Missed hand-offs cause dropped balls. Dropped balls lead to poor customer service, and decreased profitability and cash flow. Learn how to ensure smoother hand-offs and fewer dropped balls.
One of the quickest and easiest ways to increase the speed of business and cash flow is to ensure that the hand-offs between your various processes and teams are smooth and successful. One of the most costly things for any organization is a dropped ball. It causes customer service problems. It reduces productivity, increases costs, reduces cash flows. Dropped balls are profit killers. So, you need to eliminate them wherever and whenever possible. In this post, you’ll learn how to ensure successful hand-offs — which are one of the primary causes of dropped balls in every organization.
A Lesson Learned
Early in the history of my custom software development business, we made a very costly mistake — one that we thankfully did not repeat. We had received a bid for a custom software application for which we were the perfect candidate. Based on the discussions we had with the prospective customer, we were all but assured to win the contract. We had a great solution. We had the right experience. Our price was well in line with expectations. All we had to do was submit the bid. We never did. We dropped the ball, and that dropped ball cost us a contract that would have advanced our business substantially.
So, how did this happen? We missed the hand-off. In this case, we had not defined the process for ensuring that the completed technical aspects of the bid were to be handed off to the sales team. It was not clear who would submit the bid. So, nobody did. Both parties thought the other party had submitted, but neither had. When we discovered that this had happened, it was too late. We missed the bid deadline. We learned a valuable and expensive lesson. We discovered the problem, and we fixed it. Here’s what we learned:
Make sure that are well defined, tested, and documented hand-offs whenever work is transferred from one process, or team, to another.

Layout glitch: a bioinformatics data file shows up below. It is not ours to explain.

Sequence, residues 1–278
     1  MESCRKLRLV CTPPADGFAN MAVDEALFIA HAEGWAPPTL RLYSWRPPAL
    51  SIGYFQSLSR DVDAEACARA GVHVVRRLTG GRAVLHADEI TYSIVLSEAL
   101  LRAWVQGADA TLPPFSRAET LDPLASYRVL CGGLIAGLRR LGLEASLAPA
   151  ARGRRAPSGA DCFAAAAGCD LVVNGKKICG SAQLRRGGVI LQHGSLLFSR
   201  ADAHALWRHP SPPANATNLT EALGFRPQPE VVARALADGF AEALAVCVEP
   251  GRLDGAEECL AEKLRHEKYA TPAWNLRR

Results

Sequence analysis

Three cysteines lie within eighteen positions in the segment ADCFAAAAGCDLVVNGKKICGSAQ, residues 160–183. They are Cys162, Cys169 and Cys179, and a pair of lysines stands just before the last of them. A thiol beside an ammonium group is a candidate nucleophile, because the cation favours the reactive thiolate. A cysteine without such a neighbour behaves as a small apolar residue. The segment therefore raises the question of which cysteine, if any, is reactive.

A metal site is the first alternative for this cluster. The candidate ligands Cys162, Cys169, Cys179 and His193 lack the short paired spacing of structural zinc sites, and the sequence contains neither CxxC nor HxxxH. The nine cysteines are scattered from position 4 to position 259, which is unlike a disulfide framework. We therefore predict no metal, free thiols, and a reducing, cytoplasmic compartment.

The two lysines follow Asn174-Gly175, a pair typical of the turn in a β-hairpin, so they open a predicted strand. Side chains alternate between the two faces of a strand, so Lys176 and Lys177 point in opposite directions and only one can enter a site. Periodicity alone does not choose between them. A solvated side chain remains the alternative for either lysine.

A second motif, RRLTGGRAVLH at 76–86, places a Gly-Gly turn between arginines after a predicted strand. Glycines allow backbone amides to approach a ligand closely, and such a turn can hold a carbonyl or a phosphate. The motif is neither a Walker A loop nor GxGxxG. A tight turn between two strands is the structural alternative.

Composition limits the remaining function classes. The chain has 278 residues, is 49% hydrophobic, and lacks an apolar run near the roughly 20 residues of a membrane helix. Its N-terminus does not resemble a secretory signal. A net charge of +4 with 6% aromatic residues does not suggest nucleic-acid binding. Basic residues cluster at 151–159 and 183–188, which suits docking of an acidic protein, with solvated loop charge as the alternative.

If your sales process involves multiple people who perform different responsibilities, this one idea will dramatically reduce dropped balls AND improve the speed with which work moves through your system. It will also help you identify bottlenecks in your process.
What are Hand-Offs?
Hand-offs are the exchange of control of a workflow from one process or system to another. It is the point at which one person, one team, or automated processes completes work, and another process picks it up to add to it. The best analogy I can give is that of a track relay team. One runner completes his/her leg of the race, and hands-off the baton to the next runner on the team, who completes his or her leg of the race, and hands off the baton to the next person, and so on.
For example, you may have a sales process that has x steps – research, set an appointment, discovery interview, quote/proposal, negotiation, and signing. A sales assistant does the research and sets appointments. Once the appointment is set, the sales assistant hands-off the opportunity to the sales rep who conducts the interview. The salesperson qualifies and collects information about what they want and need. This information is provided to the technical team who designs a system and creates a quote. When that is done, the technical team hands-off the design and quote to the sales rep. The sales rep presents and closes the sale. Once a sale is closed, the sales rep hands-off to the fulfillment team, and so on.
Botched Hand-Offs Cause Dropped Balls, Increased Cost, Slower Cash Flow
As I mentioned earlier, this was something I discovered was the cause of a massive dropped ball for my business. So, it has become one of the primary things I look for when helping my customers fix and redesign their sales operating systems. In many, many cases, it’s not a lack of performance that causes a process failure. It is a dropped ball due to a botched hand-off.
Dropped balls slow things down — considerably. They interfere with your process cadence. They delay your sales cycle and your projects. And, delays lead to increased costs and delayed cash flow. But, here’s the good news: It’s a problem that is fairly easy to fix.
How to Improve Hand-Offs
As I said earlier, I’ve helped many customers identify and fix hand-off problems. In the vast majority of cases I’ve seen, missed hand-offs occur when there is a lack of clarity of the process for transferring work, and/or when assumptions are made that the work has been successfully transferred. These are the steps I typically recommend my customers follow:
- Define a hand-off trigger
- Define a hand-off mechanism
- Define a receiving trigger
- Define a hand-off protocol
- Document the hand-off process — mechanism and protocol
Define the Hand-Off Point
A process is a set of steps designed to produce a specific outcome or finished product. The hand-off trigger defines the point in a process when that outcome is achieved or the product is complete. For instance, if we use the set appointment process from the sales process example above, the outcome or finished product is a scheduled appointment. The hand-off trigger in this process occurs when the sales assistant successfully schedules an appointment.
Define the Hand-Off Mechanism